Tuesday, February 2, 2016

Readings for Sunday, February 7, 2016

Hello Everyone,

May the grace of God, the love of Jesus Christ, and the power of the Spirit be with you today, tomorrow, and forever. Amen.

We are coming to the end of Epiphany, the season of insight. Here is the definition from Dictionary.com: “1) A Christian festival observed on January 6; 2) an appearance or manifestation, especially of a deity; 3) a sudden, intuitive perception of or insight into the reality or essential meaning of something, usually initiated by some simple, homely, or commonplace occurrence or experience; 4) a literary work or section of a work presenting, usually symbolically, such a moment of revelation and insight.”

The last Sunday of the Season of Epiphany is “Transfiguration of Jesus Sunday” and the text is always the story of Jesus meeting Moses and Elijah on the mountain. The stories, slightly different, are at Matthew 17:1-13, Mark 9:2-8; and Luke 9:28-36.

Our readings this coming Sunday are:

Exodus 34:29-35 – At the end of chapter 24 Moses, Aaron, and 70 elders climb Mt. Sinai. The elders stop and Moses goes to the summit where he receives the commandments of God. Chapters 25-31:17 are all that God spoke to him. In verse 18, God gives Moses the two stone tablets. The story takes a dark turn in chapter 32 when the Israelites at the base of the mountain make a golden calf and worships it. God sees what they have done and threatens to kill them all but Moses talks God out of it. Then God sends Moses down the mountain where Moses breaks the tablets. He, Moses that is, then commands the Tribe of Levi to slaughter “brother, friends, and neighbors” and 3,000 are killed that day. The next day, Moses goes back up the mountain to talk with God (32:30-34:28) and get new tablets. When Moses finally returns to the Israelites, his face is shining because he has been in God’s presence. The people were afraid to approach Moses so he begins to wear a veil except when speaking with God and conveying God’s word to the people. Does your life shine with the love of God when you have been in God’s presence? What does it mean to be “in God’s presence”?

Psalm 99 – The psalmist praises God as King of all creation. God is a Mighty King, lover of justice, establishing equity, and bringing justice and righteousness to the House of Jacob (Israel). The psalmist mentions Moses, Aaron, and Samuel as God’s priests who God heard when they cried out.

2 Corinthians 3:12-4:2 – Paul claims that those who hope in the new covenant of Jesus Christ have had the veil (referring to Moses above) set aside so that we may see the glory of God. And since the Lord lives in us as the Spirit, we have freedom and are being transformed into the image of the Lord, from one degree of glory to another. Therefore, Paul argues, we do the work of God in this world and we refuse to engage in the ways of this world (cunning, deceit, etc.) What we choose to do is live in the “open statement of truth” and submit to the “conscience of everyone in the sight of God”. It is difficult to understand what Paul is talking about here. In my opinion, the death and resurrection of Jesus reveals to us what was once veiled: our enslavement to society’s system of sin and death. When we begin to understand what God has shown us, with the power of the Spirit, we are set free from that system. Once set free, we can speak the truth of that system and God’s desire for all people to live in God’s System of self-giving love.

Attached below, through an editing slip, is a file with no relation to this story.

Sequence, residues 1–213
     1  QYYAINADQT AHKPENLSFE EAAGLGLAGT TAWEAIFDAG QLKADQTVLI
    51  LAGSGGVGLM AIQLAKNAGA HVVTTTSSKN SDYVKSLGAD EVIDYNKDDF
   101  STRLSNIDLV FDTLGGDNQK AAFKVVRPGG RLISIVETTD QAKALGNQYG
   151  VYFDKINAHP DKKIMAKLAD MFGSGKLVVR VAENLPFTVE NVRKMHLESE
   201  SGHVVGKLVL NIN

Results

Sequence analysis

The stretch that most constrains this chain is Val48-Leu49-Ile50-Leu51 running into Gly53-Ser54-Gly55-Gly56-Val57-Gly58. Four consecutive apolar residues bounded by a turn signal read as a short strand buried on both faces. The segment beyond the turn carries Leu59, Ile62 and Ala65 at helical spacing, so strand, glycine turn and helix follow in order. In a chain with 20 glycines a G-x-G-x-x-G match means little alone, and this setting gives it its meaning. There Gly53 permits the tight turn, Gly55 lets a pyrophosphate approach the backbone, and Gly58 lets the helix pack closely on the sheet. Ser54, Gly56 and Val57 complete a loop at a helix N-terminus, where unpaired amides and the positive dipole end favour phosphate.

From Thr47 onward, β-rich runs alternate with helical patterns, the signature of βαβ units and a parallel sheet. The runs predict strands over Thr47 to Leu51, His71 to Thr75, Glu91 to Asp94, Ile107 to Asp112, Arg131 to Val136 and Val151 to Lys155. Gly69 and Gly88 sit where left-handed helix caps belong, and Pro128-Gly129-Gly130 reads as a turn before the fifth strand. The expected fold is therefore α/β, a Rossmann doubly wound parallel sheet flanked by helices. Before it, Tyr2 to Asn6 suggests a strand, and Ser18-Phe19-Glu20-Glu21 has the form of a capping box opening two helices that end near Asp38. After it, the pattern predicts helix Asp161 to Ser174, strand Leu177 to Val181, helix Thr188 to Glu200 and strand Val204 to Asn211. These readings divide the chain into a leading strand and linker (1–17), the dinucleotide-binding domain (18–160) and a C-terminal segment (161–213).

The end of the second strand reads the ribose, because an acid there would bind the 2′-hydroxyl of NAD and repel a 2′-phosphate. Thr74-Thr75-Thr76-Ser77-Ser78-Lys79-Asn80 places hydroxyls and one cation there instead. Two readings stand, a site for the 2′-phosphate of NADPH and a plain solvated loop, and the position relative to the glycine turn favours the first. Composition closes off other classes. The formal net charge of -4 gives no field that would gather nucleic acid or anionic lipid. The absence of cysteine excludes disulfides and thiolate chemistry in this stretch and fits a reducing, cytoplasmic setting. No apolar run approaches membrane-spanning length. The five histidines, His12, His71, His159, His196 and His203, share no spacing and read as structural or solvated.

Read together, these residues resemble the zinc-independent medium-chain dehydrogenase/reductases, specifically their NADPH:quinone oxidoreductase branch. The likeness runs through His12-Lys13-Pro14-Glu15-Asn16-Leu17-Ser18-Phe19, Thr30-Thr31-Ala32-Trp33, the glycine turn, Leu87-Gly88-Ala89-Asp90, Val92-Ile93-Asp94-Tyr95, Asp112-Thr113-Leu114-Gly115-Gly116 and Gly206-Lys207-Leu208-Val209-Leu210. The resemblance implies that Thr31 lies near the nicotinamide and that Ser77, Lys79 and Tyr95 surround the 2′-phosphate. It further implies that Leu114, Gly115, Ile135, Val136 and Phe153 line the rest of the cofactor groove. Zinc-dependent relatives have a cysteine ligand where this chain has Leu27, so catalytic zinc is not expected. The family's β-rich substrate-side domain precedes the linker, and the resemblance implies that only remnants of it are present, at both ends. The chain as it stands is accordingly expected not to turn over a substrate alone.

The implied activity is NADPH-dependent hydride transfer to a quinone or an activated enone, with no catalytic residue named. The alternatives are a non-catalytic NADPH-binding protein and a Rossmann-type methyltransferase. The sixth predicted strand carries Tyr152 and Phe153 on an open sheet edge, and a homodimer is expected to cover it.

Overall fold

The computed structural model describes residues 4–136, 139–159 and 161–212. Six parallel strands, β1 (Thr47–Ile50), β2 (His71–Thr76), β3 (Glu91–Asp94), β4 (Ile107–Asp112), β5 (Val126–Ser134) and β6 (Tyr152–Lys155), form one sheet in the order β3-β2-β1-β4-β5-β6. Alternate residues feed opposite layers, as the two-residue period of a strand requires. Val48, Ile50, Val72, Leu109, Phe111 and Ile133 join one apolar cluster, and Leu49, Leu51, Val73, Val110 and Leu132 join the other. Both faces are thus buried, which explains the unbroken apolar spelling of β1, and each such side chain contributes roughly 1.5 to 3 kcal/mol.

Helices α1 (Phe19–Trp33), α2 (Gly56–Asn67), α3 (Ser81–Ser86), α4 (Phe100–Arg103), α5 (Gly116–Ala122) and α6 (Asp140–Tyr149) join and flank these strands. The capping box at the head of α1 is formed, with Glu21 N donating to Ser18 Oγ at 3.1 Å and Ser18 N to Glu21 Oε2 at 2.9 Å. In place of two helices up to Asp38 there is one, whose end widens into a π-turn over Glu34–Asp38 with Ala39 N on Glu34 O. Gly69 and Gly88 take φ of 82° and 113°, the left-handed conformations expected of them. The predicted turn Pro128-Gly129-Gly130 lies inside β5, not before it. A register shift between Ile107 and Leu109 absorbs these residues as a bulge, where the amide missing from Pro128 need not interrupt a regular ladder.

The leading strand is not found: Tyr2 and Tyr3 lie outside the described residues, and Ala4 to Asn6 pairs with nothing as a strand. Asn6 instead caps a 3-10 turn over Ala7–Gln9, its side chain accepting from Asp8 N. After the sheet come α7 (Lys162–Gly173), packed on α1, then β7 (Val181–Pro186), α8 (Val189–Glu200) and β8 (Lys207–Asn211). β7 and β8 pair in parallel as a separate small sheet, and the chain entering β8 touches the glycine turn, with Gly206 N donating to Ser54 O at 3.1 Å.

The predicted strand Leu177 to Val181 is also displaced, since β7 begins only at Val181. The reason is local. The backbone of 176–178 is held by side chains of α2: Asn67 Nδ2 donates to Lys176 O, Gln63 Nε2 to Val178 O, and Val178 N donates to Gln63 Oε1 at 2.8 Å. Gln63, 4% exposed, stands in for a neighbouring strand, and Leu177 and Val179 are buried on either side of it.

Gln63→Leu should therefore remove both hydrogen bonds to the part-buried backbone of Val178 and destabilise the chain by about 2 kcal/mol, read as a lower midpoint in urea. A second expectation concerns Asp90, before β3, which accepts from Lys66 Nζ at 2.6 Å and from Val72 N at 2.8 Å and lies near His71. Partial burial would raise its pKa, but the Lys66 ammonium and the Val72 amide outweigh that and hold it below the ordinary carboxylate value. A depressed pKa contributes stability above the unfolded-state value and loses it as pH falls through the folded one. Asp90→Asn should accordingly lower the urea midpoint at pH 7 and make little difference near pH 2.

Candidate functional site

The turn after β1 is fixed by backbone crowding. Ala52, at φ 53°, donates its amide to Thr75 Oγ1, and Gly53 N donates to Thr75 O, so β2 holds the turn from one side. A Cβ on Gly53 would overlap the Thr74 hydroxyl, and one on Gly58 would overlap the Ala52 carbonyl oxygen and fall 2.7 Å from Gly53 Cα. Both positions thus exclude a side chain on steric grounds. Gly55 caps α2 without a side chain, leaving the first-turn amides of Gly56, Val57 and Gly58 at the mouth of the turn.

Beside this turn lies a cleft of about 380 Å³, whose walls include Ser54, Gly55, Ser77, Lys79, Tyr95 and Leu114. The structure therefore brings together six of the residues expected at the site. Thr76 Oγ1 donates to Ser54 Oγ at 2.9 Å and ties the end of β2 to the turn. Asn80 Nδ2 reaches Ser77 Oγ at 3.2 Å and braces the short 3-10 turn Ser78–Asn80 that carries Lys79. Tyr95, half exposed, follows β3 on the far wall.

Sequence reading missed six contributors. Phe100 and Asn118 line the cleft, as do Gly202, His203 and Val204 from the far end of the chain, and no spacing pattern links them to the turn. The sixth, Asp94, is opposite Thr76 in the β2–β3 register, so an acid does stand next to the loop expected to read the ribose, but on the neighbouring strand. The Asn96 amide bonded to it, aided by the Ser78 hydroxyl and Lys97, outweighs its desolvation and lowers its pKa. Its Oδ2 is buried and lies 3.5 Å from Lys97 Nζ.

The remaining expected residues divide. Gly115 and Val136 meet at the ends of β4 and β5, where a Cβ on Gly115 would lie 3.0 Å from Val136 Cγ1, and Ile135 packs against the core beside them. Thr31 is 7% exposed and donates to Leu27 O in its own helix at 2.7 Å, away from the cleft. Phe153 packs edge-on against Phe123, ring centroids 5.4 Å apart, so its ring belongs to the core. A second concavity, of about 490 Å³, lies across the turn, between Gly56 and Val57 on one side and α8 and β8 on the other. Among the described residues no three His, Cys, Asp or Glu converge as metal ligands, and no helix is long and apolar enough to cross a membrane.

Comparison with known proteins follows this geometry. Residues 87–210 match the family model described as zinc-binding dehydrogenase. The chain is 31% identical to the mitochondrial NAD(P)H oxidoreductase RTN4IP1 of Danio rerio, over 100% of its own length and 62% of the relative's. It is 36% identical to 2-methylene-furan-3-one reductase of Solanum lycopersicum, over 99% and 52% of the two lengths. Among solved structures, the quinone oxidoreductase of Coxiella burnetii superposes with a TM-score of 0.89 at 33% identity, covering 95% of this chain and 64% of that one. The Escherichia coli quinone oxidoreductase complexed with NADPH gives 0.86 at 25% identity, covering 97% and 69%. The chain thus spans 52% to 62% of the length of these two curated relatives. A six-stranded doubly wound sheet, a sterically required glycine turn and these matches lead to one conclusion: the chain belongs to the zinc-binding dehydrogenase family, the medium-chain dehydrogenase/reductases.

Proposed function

Luke 9:28-36 (37-43) – The first nine verses are about the Transfiguration of Jesus and the optional seven verses are about the disciples failure to heal a demon possessed boy. A week before this event, Peter declares Jesus to be the Messiah (Christ) and Jesus tells the disciples that he must go to Jerusalem to be rejected, tried, crucified, and raised from death. The journey began at the top of a mountain. Jesus takes his three closest disciples up with him but they fall asleep. When they wake up, they see Jesus with Moses and Elijah (two figures from the history of Israel who may or may not have died). They also see that Jesus has be changed, transfigured or metamorphosed. Jesus’ face is changed and his clothes are shining bright white. Peter wants to build shrines to all three but the voice of God interrupts and declares Jesus to be the Son. God also gives them a commandment, though not written in stone, to “listen to him”. Peter and the others found that listening to Jesus was hard. Do we hear God’s voice and do we listen to Jesus? To listen to Jesus is to love our enemies, turn the other cheek, walk the extra mile, feed the hungry, visit the sick and imprisoned, and go into all the world sharing the Good News. How are we doing?

May the love of God, Father, Son, and Holy Spirit, bring change in your life and may you share that life-changing love will all people this week.

Peace in Christ,
Pastor Gary Taylor

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